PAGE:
Featured Research

from universities, journals, and other organizations

New semiconductor holds promise for 2-D physics, electronics

Date:
March 20, 2014
Source:
DOE/Lawrence Berkeley National Laboratory
Summary:
A unique new semiconductor, rhenium disulfide, that behaves electronically as if it were a 2-D monolayer even as a 3-D bulk material has been discovered by researchers. This not only opens the door to 2-D electronic applications with a 3D material, it also makes it possible to study 2-D physics with easy-to-make 3-D crystals.

From super-lubricants, to solar cells, to the fledgling technology of valleytronics, there is much to be excited about with the discovery of a unique new two-dimensional semiconductor, rhenium disulfide, by researchers at Berkeley Lab's Molecular Foundry. Rhenium disulfide, unlike molybdenum disulfide and other dichalcogenides, behaves electronically as if it were a 2D monolayer even as a 3D bulk material. This not only opens the door to 2D electronic applications with a 3D material, it also makes it possible to study 2D physics with easy-to-make 3D crystals.

"Rhenium disulfide remains a direct-bandgap semiconductor, its photoluminescence intensity increases while its Raman spectrum remains unchanged, even with the addition of increasing numbers of layers," says Junqiao Wu, a physicist with Berkeley Lab's Materials Sciences Division who led this discovery. "This makes bulk crystals of rhenium disulfide an ideal platform for probing 2D excitonic and lattice physics, circumventing the challenge of preparing large-area, single-crystal monolayers."

Wu, who is also a professor with the University of California-Berkeley's Department of Materials Science and Engineering, headed a large international team of collaborators who used the facilities at the Molecular Foundry, a U.S Department of Energy (DOE) national nanoscience center, to prepare and characterize individual monolayers of rhenium disulfide. Through a variety of spectroscopy techniques, they studied these monolayers both as stacked multilayers and as bulk materials. Their study revealed that the uniqueness of rhenium disulfide stems from a disruption in its crystal lattice symmetry called a Peierls distortion.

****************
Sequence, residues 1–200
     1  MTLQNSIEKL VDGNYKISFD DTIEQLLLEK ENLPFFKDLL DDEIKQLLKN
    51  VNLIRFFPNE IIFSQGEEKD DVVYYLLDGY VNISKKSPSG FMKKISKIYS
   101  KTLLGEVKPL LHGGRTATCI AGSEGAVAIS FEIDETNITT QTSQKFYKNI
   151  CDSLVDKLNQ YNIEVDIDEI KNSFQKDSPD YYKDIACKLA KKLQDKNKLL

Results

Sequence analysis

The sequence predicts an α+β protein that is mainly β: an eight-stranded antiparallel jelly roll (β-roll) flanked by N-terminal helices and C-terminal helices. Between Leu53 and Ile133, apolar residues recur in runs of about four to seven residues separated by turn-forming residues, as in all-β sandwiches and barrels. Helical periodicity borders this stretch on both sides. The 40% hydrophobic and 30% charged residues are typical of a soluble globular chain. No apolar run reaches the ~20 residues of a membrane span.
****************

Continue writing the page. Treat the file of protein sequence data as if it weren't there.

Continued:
"Semiconducting transition metal dichalcogenides consist of monolayers held together by weak forces," says Sefaattin Tongay, lead author of a paper describing this research in Nature Communications for which Wu was the corresponding author. The paper was titled "Monolayer behaviour in bulk ReS2 due to electronic and vibrational decoupling."

"Typically the monolayers in a semiconducting transition metal dichalcogenides, such as molybdenum disulfide, are relatively strongly coupled, but isolated monolayers show large changes in electronic structure and lattice vibration energies," Tongay says. "The result is that in bulk these materials are indirect gap semiconductors and in the monolayer they are direct gap."

What Tongay, Wu and their collaborators found in their characterization studies was that rhenium disulfide contains seven valence electrons as opposed to the six valence electrons of molybdenum disulfide and other transition metal dichalcogenides. This extra valence electron prevents strong interlayer coupling between multiple monolayers of rhenium disulfide.